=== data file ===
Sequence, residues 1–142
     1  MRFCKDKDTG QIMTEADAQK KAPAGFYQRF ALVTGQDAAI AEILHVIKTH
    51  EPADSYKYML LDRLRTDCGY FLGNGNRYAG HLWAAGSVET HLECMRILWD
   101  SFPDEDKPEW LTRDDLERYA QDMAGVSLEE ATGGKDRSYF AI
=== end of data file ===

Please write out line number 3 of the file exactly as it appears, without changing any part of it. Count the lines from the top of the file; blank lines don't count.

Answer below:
    51  EPADSYKYML LDRLRTDCGY FLGNGNRYAG HLWAAGSVET HLECMRILWD